Paul Holmes 04 Nov 1991 // 12:00AM GMT
The Food & Drug Administration is currently putting the finishing touches to new guidelines that will severely restrict both professional and public access to important medical information. If the agency goes ahead with the most extreme proposals under consideration, the access of consumers to information that could help them receive better medical treatment and perhaps even save their lives will be severer curtailed.
The FDA appears to be politically motivated in this action. Certainly, it must require an effort of conscious will to ignore the enormous benefits to public health wrought in the past decade by numerous education campaigns conducted on behalf of and financed by the pharmaceutical industry in this country or to be prepared to sacrifice those benefits to halt a few minor abuses when even the FDA cannot find any evidence that those "abuses" have caused any harm.
Says Jack Angel, president of Greenwich-Aire Associates and spokesman for the Coalition of Healthcare Communicators: "The FDA construes industry's interest in scientific exchange solely as a promotional vehicle. This is unfair. There are endless examples of companies sponsoring programs for professionals and the public that have no relation to their products. It happens every day and contributes significantly to scientific exchange and better healthcare.
"Hampering medical communications hurts more than just pharmaceutical companies. Medical communications accelerates the acceptance of new forms of treatment and drugs. It accelerates the diffusion of medical innovations both to doctors and also to the American consumer who is hungry for information."
It is interesting to note, however, that the Coalition of Healthcare Communicators is taking an eleventh hour stand. The pharmaceutical companies and their PR agencies have largely failed to make this case, fearful perhaps that the FDA will retaliate against them by slowing the approval of their products.
Yet examples of public relations programs, sponsored by pharmaceutical companies, that have had a beneficial impact on the nation's health abound.
Bill Cox, head of the healthcare operations in Porter-Novelli, cites a program has firm conducted for menopausal woman. Working hand in hand with local hospitals, Porter Novelli has gone into local communities, addressing audiences of women—sometimes as large as 700—about the changes that take place during menopause on behalf of a menopause drug produced by Ciba Geigy. The program used a non-medical spokeswoman, actress Shirley Jones, in its early stages, something Ciba-Geigy will not now do because of the FDA's apparent disapproval of celebrities.
Ilyssa Levins, president of GTFH Public Relations, points to programs the agency worked on to educate the public about the dangers of cholesterol, for Merck among others. More than 30,000 people were screened for their cholesterol levels after one publicity blitz; materials prepared by the agency appeared in hospitals and physicians' offices all over the country.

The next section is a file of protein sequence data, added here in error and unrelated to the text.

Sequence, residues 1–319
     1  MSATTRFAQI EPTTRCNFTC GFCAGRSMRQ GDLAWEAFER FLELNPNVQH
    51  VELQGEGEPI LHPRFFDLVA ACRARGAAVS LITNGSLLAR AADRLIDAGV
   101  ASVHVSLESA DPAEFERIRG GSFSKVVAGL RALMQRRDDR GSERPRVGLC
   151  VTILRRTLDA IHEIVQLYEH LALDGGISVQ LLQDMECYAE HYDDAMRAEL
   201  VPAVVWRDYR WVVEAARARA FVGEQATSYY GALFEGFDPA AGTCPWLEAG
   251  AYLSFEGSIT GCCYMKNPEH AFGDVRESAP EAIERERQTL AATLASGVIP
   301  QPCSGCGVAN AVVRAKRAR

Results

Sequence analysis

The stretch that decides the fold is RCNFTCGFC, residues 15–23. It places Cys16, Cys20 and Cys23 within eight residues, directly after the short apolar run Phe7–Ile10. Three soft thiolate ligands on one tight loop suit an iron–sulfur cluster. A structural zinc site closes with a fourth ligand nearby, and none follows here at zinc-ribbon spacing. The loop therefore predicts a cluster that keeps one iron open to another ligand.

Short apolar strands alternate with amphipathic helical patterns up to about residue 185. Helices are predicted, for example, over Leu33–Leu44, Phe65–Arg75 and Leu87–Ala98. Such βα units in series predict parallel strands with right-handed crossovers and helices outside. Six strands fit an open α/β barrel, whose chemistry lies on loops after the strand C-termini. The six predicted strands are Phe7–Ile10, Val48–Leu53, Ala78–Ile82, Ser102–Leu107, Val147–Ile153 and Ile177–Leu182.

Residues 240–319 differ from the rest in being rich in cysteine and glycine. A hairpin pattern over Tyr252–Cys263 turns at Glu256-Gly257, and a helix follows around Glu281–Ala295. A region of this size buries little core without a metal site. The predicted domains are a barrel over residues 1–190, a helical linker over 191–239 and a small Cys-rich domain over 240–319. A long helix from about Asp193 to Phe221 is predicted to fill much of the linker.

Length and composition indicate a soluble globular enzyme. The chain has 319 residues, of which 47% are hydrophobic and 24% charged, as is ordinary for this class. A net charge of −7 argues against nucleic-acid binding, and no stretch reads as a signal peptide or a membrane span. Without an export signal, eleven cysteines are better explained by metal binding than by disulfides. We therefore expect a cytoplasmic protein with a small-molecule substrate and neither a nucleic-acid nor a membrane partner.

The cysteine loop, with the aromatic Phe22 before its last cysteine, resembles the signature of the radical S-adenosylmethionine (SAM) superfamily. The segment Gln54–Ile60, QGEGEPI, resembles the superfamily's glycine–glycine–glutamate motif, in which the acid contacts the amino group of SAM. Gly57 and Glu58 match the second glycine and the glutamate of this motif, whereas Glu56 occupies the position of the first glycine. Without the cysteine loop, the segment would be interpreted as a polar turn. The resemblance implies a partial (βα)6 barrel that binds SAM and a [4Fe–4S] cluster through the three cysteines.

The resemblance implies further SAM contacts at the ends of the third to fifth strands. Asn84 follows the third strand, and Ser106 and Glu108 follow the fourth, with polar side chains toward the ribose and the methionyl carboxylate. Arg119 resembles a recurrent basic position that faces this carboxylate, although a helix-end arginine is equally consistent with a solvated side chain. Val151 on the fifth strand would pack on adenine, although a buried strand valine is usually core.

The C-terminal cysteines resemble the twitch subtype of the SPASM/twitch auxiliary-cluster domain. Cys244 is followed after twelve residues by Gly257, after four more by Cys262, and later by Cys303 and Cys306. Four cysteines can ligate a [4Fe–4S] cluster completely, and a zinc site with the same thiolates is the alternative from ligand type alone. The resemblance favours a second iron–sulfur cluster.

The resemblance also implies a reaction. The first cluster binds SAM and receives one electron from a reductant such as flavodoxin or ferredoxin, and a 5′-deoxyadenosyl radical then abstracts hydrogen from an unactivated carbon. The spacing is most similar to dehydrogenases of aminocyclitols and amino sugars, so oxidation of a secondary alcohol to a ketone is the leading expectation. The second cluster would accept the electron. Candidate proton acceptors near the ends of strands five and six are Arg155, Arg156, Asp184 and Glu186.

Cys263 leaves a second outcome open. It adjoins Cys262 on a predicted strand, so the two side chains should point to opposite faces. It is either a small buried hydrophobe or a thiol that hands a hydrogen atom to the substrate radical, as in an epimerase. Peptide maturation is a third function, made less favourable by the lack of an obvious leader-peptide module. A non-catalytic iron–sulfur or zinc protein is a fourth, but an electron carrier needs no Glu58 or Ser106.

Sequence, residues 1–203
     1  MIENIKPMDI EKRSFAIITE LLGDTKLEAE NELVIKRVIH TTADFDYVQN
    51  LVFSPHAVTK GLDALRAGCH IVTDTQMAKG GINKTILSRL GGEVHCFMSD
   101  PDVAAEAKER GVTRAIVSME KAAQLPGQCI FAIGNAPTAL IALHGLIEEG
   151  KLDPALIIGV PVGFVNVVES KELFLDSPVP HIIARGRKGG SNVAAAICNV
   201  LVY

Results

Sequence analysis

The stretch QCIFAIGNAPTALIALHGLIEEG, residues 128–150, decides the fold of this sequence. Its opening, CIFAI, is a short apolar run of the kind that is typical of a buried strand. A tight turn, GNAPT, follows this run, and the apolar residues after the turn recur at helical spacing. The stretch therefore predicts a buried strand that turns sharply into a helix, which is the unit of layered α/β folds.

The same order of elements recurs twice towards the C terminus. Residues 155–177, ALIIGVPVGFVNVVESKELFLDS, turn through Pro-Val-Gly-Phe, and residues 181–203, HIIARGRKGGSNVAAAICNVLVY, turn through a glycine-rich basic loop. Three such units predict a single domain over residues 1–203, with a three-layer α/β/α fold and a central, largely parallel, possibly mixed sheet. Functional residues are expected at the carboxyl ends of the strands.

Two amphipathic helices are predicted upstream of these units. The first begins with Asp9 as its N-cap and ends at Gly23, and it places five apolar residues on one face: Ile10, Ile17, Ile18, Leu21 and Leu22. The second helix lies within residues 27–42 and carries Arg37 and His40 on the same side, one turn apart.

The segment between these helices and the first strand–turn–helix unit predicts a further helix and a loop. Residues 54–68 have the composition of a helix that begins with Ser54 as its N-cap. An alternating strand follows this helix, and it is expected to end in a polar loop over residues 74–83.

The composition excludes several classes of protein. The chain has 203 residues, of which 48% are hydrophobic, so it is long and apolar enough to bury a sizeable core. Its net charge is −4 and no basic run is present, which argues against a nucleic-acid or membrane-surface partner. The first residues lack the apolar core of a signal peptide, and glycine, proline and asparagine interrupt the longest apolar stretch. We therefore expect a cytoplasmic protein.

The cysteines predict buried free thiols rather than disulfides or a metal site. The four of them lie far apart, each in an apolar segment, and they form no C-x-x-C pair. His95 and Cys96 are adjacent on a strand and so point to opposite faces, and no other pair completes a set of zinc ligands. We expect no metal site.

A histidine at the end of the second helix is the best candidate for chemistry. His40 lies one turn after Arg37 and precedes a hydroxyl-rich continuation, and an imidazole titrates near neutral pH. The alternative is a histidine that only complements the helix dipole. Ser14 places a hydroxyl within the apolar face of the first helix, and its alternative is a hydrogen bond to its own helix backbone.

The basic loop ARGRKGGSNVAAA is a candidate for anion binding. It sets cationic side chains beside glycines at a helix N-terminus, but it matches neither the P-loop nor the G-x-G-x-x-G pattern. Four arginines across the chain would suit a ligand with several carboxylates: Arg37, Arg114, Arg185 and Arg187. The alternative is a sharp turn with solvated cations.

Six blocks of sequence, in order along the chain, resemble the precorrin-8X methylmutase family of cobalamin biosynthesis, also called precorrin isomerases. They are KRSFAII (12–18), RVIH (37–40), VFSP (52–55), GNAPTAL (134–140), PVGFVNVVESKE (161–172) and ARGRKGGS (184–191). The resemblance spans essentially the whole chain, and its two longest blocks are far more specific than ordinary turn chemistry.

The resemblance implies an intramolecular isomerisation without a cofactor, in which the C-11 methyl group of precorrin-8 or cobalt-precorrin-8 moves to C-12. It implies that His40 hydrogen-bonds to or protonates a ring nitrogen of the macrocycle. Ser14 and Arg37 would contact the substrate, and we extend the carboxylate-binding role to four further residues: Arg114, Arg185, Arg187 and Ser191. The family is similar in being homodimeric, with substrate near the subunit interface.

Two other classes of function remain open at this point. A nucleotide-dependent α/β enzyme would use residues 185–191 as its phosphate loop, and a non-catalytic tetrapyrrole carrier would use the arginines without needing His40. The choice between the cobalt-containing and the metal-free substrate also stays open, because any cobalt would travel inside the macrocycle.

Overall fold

And Gil Bashe, president of the PR division of Medicus, points to a program the agency conducted for an imaging scanner produced by client DuPont. The scanner detected significant differences between the brains of healthy people and those of cocaine users, and was able to produce photographs demonstrating those differences. Medicus then built a program, "Your Brain on Cocaine" directed at school children and using video in an attempt to discourage drug use.
"It has been a tremendously effective program," says Bashe. "The response we have had from teachers is amazing, and the use of these illustrations makes the lesson very effective."
It is not difficult to imagine that such a program, for all its obvious benefits, might be difficult to sell to a client today, however. There might be questions about whether use of the scanner for diagnosing drug abuse was outside of labeling, or whether a video sent to schools was advertising and needed FDA pre-approval.
Gil Bashe speaks for many public relations professionals when he says: "What the FDA has to understand is that most of us are in this business, the health care business, because we wanted to help people. Many of these programs do have life-enhancing and even life-saving aspects, and the FDA needs to remember that."
Bashe himself was an army medic before coming into the PR field, and he says he—and most of his colleagues—bring the same kind of commitment to public education that motivated him to help people then.
If the results of these individual programs were not convincing enough, a recent study by Johns Hopkins has indicated that those who are better informed about health issues get significantly better health care.
On the other hand, Wayne Pines, executive vice-president at Burson-Marsteller, and a former director of consumer education and information at the FDA, says the agency has no evidence to support the idea that promotional abuse, even if it does exist, is a public health issue.
"There is no documented evidence that this is a health issue, that there are any harmful health consequences caused by pharmaceutical promotion," says Pines. "The FDA's response to that is that there is a trend in terms of health claims about drugs that mirrors the deceptive claims being made by some food companies, but I do not see any evidence of that."
Since the FDA appears unable to provide evidence of any harmful abuse, and since such clear educational good is resulting from the efforts of the pharmaceutical industry, it is worth asking whether the FDA and its new chief might not have some ulterior motive for their attacks on PR activity.
When Dr David Kessler took over as commissioner of the FDA in April, public and Congressional confidence in the agency was at an all time low. In one of his earliest speeches, to the Food Drug & Law Institute, he acknowledged the FDA's image problems, the result of scandals alleging favoritism in the approval of generic drugs and failure to get new, potentially life-saving drugs to market in a timely fashion.
It was clear from these pronouncements, and swift actions such as the impounding of Procter & Gamble's Citrus Hill Fresh Orange juice (actually made from concentrate) for breach of labeling guidelines, that the FDA under Dr Kessler would be a more activist organization than it had been under his predecessor.
However, many of the challenges facing the new FDA—restoring confidence in its impartiality, speeding the new drug approval process—defy easy answers. They require long term, incremental changes in organizational culture. So in order to make a more immediate impact, Dr Kessler and his staff searched for an issue that would demonstrate to legislators that the new FDA was an agency with real teeth, unintimidated by the corporate Colossuses it faced.